A great partner will also provide maintenance and service for your robots. Maintaining robots requires expertise that is in short supply. Even if you have robotics experts on staff, their time is probably better spent on value-add projects rather than servicing robots.
Look for a provider that offers maintenance and repair services as part of their contract with you. An ongoing service arrangement removes the risk from robotics, and ensures that you’ll get a solution that delivers value.
When considering financing, you can choose between equipment ownership or Robotics as a Service (RaaS). There are advantages to each.
Robotics ownership is a capital expenditure (CapEx) that comes with some tax benefits. Because you own the equipment, you will have greater control of your robots. In the long term, your equipment costs may be lower, but your timeline to ROI will be much longer.
It’s important to weigh economic factors that go beyond equipment costs. Consider the Total Cost of Ownership (TCO). With robotic ownership, you may need to factor in programming expenses and service costs. Other risks of owning the equipment include:
Extended downtime: If you don’t have robotics experts on staff, or a service agreement with a third party, getting someone to repair a broken robot can be difficult. Even if you do have the expertise needed, parts may be on backorder, or other issues may prevent a quick fix.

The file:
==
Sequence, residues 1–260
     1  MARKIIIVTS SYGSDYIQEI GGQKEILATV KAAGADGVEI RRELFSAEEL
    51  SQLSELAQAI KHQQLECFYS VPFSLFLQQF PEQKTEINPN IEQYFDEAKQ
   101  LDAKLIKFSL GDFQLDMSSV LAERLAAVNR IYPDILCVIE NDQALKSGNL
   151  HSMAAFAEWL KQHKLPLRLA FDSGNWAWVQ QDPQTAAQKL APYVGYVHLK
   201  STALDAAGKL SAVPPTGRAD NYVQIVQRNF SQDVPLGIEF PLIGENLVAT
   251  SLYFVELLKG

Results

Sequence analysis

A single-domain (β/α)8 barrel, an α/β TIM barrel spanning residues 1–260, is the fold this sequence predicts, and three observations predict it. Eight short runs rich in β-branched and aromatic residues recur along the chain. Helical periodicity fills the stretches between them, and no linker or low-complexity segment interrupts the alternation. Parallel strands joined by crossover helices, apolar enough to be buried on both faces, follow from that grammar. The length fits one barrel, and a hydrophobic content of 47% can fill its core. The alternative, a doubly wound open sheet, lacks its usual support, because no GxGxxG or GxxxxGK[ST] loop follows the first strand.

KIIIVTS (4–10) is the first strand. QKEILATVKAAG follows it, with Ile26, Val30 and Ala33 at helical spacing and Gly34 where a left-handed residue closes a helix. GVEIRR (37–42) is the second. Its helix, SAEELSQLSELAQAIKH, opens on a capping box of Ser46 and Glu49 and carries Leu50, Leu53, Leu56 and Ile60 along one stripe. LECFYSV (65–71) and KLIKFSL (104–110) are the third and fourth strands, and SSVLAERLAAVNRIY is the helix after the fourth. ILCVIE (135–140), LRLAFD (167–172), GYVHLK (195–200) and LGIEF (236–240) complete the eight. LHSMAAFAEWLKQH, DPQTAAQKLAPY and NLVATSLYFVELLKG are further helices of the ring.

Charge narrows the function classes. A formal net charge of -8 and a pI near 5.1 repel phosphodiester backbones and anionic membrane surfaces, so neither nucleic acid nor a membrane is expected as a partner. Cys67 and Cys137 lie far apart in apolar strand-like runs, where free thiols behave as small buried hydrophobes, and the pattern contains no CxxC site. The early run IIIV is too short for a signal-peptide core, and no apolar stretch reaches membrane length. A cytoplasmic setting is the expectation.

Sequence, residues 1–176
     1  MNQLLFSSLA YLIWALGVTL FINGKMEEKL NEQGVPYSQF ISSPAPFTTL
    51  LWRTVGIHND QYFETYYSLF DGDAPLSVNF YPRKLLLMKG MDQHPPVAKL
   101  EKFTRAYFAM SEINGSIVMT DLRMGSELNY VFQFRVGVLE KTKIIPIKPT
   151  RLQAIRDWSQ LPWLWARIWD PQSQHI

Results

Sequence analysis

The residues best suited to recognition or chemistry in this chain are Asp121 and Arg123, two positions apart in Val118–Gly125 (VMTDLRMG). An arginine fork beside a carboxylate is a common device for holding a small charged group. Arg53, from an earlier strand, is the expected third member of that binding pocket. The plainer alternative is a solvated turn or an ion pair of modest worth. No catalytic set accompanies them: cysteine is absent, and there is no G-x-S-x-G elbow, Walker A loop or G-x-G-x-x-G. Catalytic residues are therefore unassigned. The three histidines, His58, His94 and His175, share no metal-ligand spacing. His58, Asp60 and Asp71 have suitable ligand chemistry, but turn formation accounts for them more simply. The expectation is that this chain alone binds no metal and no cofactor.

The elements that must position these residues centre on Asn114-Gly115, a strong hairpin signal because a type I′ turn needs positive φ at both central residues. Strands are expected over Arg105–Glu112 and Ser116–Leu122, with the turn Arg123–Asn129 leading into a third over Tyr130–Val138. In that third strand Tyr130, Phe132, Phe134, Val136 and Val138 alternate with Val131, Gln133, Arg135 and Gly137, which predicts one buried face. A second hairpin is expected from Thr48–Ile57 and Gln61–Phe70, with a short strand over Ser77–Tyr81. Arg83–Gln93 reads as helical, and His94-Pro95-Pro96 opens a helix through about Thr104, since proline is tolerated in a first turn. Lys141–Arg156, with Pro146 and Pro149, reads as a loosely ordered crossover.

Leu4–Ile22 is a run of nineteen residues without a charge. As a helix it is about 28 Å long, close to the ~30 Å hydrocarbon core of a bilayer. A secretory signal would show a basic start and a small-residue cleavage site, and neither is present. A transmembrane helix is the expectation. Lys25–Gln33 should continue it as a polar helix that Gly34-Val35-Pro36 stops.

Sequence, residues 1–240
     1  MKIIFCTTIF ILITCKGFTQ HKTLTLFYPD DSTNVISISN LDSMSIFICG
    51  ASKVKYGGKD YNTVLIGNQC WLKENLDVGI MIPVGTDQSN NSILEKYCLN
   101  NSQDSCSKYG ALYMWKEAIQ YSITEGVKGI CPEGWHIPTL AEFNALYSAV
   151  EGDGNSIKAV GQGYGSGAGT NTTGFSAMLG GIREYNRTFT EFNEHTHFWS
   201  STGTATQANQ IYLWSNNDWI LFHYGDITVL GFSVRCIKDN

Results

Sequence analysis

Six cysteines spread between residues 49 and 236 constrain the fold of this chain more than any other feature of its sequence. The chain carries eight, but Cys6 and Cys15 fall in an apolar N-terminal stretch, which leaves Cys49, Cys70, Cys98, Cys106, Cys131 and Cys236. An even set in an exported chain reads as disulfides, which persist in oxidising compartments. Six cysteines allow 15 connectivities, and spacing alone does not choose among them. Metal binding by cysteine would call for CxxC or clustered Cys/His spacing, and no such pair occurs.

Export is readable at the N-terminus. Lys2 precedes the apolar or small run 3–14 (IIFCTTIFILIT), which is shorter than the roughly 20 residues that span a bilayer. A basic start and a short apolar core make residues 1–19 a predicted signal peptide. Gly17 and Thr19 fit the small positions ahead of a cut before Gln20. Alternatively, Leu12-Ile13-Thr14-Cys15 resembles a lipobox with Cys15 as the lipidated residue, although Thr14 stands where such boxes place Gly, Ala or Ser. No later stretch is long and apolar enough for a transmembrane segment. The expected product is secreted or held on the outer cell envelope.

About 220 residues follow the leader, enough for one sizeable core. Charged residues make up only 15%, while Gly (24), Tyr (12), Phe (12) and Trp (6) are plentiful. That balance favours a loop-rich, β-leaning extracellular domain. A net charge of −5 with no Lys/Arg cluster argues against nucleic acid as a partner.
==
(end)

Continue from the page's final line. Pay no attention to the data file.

Changing needs: If your needs change, you will need to reprogram and/or move your robots. This can tax your automation team or incur another high-cost implementation if you hire an integrator.
Robotics as a Service offers low upfront costs, fast ROI, worry-free lifetime maintenance and repair, operational consulting, and comprehensive software and hardware support. True, you don’t get the tax benefits of owning the hardware, but RaaS removes the other robotics risks.
Time to deploy
That same midwestern plastics manufacturer spent nearly two years working on the robotics deployment that ultimately ended with a collection of robots gathering dust in storage. Meanwhile, Rapid Robotics customers average about six weeks from concept to implementation.
When you calculate automation costs, you need to factor in the time it will take to program a robot and deploy it. With many systems integrators booking more than a year in advance, the traditional route inevitably means lead times of 18 months or more. Taking the DIY approach and relying exclusively on your staff automation engineers can save money and time, but your team can only do so much. Do you really want them to spend weeks implementing a robotic palletizer when their time might be better used on a more complex project?
One of the many advantages of RaaS is the short time to deployment. RaaS providers like Rapid don’t get paid until your robot is up and running, so they work fast. When you work with a provider who has specialized in a single task like palletizing, lead times can be as short as just a few days.
Not only will long deployment times delay your return on investment, but you could also miss out on winning new business or keeping the business you have. Did you know that 64% of light industrial businesses had to forgo 25% or more of their total revenue due to labor shortages in 2022? Moreover, manual packing & palletizing lead to mistakes that can cause injuries or product damage during shipping. Palletizing related injuries are the #1 cause of workers comp claims in manufacturing and logistics.
All of this adds up to an enormous invisible drain on your revenue and profitability. Quickly implementing robotic palletizing can make a big difference to your bottom line.
The right partner will guarantee your robots perform as expected. They’ll also work with you to ensure that any implementation will meet your needs in the long term.